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ASUS Eee Pad EP101TC
ASUS and Google Android are making sweet, sweet tablet love

In with the new, and out with the old, ASUS says.  The company is ditching Windows in at least one of its upcoming EeePC tablets and switching to the increasingly attractive Android OS from Google.

ASUS is preparing two tablets for launch -- a 10" display, 675g (1.5 lb) chassis model and a larger 12.1" display variant.  Both devices were demoed at Computex 2010.

The larger tablet used a full install of Windows 7 Home Premium -- that much remains unchanged, as of now.  The smaller tablet, though, was first shown off with a Windows Embedded Compact 7 operating system, which now appears to have been ditched in favor of Android.

The 10" Eee Pad 101TC is reportedly currently running Android 2.2 "Froyo", but will ship with "Gingerbread", also known as Android 3.0.  Android 3.0 is expected to land during the holiday season.  ASUS may even opt to wait till CES 2011 to announced the final production plans, according to some rumors.

For ASUS the upcoming tablet series is critical.  The company, which launched the netbook craze, has seen the torch stolen by Apple, as the market cools to netbooks and heats up to tablets.  Apple itself has been vocal in predicting the demise of the netbook movement.  However, if ASUS can craft a more functional, cheaper alternative to the iPad, it could well return to glory.

ASUS is not the only key player opting with Android over Windows -- Dell also is using Android for its tablets.  Meanwhile HP's tablets are expected to run on webOS from its recent acquisition Palm.  That means that the 12.1" Eee Pad EP121 may be an endangered species -- the only high-profile upcoming Windows tablet from a major manufacturer.  Despite that, Microsoft insists that it hasn't given up on tablets.



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RE: Bummer.
By noirsoft on 7/20/2010 3:02:45 PM , Rating: 2
quote:
Why? You don't exactly know what all it has to offer vs Windows yet.


What I want from a tablet is what I want from a laptop. Running the exact same applications as my desktop with 100% guaranteed file compatibility in those apps (hence the need to run the same apps)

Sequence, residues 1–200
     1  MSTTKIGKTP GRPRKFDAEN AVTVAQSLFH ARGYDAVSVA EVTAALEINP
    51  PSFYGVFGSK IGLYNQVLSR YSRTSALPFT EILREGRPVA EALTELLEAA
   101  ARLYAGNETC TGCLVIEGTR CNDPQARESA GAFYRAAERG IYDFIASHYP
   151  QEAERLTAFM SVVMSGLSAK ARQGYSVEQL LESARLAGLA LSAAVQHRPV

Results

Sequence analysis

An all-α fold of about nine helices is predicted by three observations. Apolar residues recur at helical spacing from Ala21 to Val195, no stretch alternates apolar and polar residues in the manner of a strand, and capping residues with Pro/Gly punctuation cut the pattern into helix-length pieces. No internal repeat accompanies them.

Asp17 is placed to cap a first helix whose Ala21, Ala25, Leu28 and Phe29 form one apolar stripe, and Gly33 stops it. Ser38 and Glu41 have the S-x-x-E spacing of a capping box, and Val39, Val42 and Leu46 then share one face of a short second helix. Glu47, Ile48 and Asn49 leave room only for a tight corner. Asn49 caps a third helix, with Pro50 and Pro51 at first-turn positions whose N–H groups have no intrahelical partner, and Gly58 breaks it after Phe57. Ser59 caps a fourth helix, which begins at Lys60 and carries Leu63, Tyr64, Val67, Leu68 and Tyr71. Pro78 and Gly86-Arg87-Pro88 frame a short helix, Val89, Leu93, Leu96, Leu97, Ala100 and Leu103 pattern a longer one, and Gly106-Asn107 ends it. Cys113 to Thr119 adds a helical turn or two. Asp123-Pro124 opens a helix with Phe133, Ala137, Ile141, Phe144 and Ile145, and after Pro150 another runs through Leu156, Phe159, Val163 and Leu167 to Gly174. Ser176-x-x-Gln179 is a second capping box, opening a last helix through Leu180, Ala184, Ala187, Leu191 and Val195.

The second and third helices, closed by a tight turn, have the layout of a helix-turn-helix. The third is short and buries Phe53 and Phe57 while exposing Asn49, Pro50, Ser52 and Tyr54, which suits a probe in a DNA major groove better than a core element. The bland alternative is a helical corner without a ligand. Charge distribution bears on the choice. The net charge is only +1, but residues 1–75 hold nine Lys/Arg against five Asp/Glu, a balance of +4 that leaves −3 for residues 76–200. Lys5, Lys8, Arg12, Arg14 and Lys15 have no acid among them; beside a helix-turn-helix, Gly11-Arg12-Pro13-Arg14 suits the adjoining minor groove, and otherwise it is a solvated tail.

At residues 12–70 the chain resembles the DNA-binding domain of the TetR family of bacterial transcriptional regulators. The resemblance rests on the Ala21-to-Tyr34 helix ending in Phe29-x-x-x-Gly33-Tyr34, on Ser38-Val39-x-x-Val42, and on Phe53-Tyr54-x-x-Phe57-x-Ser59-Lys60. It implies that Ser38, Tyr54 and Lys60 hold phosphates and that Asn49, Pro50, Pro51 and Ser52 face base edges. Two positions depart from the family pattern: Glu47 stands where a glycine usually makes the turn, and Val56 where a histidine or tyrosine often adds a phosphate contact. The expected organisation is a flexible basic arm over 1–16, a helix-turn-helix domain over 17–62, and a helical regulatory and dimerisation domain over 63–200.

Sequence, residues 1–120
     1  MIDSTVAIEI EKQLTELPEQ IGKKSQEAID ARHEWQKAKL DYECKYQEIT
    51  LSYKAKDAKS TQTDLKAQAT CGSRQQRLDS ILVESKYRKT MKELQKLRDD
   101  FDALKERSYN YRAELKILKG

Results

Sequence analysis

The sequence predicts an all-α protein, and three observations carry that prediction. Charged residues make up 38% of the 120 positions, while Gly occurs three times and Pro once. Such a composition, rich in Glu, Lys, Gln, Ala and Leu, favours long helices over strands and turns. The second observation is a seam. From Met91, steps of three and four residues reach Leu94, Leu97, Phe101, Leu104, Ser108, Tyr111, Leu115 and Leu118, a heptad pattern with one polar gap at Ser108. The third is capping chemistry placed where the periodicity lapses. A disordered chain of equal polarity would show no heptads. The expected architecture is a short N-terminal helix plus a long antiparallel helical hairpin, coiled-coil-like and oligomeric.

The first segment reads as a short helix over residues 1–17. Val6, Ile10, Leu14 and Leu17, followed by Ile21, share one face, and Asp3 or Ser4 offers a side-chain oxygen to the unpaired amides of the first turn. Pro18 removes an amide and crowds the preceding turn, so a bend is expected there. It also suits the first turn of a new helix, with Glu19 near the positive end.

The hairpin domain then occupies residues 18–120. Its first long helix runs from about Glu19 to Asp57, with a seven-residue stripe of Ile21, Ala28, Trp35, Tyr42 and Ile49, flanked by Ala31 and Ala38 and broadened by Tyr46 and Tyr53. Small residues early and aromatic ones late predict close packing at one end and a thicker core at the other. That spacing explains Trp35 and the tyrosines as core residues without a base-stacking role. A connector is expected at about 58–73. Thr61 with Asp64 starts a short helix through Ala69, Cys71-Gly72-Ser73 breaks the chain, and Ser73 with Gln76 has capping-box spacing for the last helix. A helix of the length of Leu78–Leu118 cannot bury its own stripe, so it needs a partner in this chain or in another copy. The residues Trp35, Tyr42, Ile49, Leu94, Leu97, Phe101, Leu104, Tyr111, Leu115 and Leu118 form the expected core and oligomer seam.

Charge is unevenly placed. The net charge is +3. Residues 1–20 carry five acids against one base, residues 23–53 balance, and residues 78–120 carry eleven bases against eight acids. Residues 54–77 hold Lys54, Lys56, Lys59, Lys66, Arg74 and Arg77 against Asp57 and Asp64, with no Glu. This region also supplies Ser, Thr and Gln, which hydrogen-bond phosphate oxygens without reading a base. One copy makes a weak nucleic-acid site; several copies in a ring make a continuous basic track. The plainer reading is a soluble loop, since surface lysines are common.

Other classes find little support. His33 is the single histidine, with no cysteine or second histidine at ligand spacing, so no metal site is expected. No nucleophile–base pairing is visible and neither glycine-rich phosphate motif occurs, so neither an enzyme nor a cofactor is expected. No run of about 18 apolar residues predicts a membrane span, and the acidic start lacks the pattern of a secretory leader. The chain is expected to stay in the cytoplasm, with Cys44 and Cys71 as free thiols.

And not just me. That's what people want. You can sing the joy of crippled "apps" all you want, but once all the pieces come together to run a full desktop OS on a tablet (this includes a proper touch paradigm and good battery life) none of the "lite" OS tablets (Android, iPad) wil be worth anything more than the original Linux-based netbooks (i.e. nothing).

I personally feel that Win7 and a decent dual-core atom+ion level of tech gets it close enough for me. Others will disagree, certainly, but we are very close.


RE: Bummer.
By Quadrillity on 7/20/2010 4:04:40 PM , Rating: 2
quote:
once all the pieces come together to run a full desktop OS on a tablet (this includes a proper touch paradigm and good battery life) none of the "lite" OS tablets (Android, iPad) wil be worth anything more than the original Linux-based netbooks (i.e. nothing).

I can agree with that. But for the time being, we have these lite operating systems because the processing to battery life ratio is very bleak.

It may be 10 years before an advancement in code and hardware will allow us to literally carry high performance PC in our pocket.

I agree with you though, the lite OS's just don't cut it with some things, but for now they do have a very important place in the market.


RE: Bummer.
By Reclaimer77 on 7/20/2010 4:32:18 PM , Rating: 2
quote:
What I want from a tablet is what I want from a laptop. Running the exact same applications as my desktop with 100% guaranteed file compatibility in those apps (hence the need to run the same apps)


EXACTLY!

Hey Asus, just because Apple can get away with selling a "tablet" that's a glorified cellphone without the phone part, doesn't mean you can throw a phone OS in a tablet and have a hit.

This is a bad move. This tablet will fail.


"Nowadays, security guys break the Mac every single day. Every single day, they come out with a total exploit, your machine can be taken over totally. I dare anybody to do that once a month on the Windows machine." -- Bill Gates














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